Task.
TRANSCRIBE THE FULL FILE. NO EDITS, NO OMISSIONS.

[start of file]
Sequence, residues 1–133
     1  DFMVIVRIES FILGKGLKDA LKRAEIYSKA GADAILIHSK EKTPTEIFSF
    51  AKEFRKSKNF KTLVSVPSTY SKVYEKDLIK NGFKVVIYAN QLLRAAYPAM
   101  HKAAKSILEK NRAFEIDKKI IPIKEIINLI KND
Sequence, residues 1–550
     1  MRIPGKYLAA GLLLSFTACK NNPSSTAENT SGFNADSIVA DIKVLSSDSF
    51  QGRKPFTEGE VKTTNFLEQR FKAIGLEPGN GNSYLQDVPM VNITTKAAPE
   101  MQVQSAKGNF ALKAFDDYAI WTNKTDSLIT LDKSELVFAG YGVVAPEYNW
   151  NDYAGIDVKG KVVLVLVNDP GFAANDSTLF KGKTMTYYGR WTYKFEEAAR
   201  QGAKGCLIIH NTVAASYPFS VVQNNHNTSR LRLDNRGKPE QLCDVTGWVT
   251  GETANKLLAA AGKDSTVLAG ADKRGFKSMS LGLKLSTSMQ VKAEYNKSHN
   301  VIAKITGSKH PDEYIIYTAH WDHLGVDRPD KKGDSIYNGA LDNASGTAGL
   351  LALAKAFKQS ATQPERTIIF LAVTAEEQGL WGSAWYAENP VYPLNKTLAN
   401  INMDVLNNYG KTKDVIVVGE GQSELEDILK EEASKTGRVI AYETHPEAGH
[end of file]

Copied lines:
Sequence, residues 1–133
     1  DFMVIVRIES FILGKGLKDA LKRAEIYSKA GADAILIHSK EKTPTEIFSF
    51  AKEFRKSKNF KTLVSVPSTY SKVYEKDLIK NGFKVVIYAN QLLRAAYPAM
   101  HKAAKSILEK NRAFEIDKKI IPIKEIINLI KND
Sequence, residues 1–550
     1  MRIPGKYLAA GLLLSFTACK NNPSSTAENT SGFNADSIVA DIKVLSSDSF
    51  QGRKPFTEGE VKTTNFLEQR FKAIGLEPGN GNSYLQDVPM VNITTKAAPE
   101  MQVQSAKGNF ALKAFDDYAI WTNKTDSLIT LDKSELVFAG YGVVAPEYNW
   151  NDYAGIDVKG KVVLVLVNDP GFAANDSTLF KGKTMTYYGR WTYKFEEAAR
   201  QGAKGCLIIH NTVAASYPFS VVQNNHNTSR LRLDNRGKPE QLCDVTGWVT
   251  GETANKLLAA AGKDSTVLAG ADKRGFKSMS LGLKLSTSMQ VKAEYNKSHN
   301  VIAKITGSKH PDEYIIYTAH WDHLGVDRPD KKGDSIYNGA LDNASGTAGL
   351  LALAKAFKQS ATQPERTIIF LAVTAEEQGL WGSAWYAENP VYPLNKTLAN
   401  INMDVLNNYG KTKDVIVVGE GQSELEDILK EEASKTGRVI AYETHPEAGH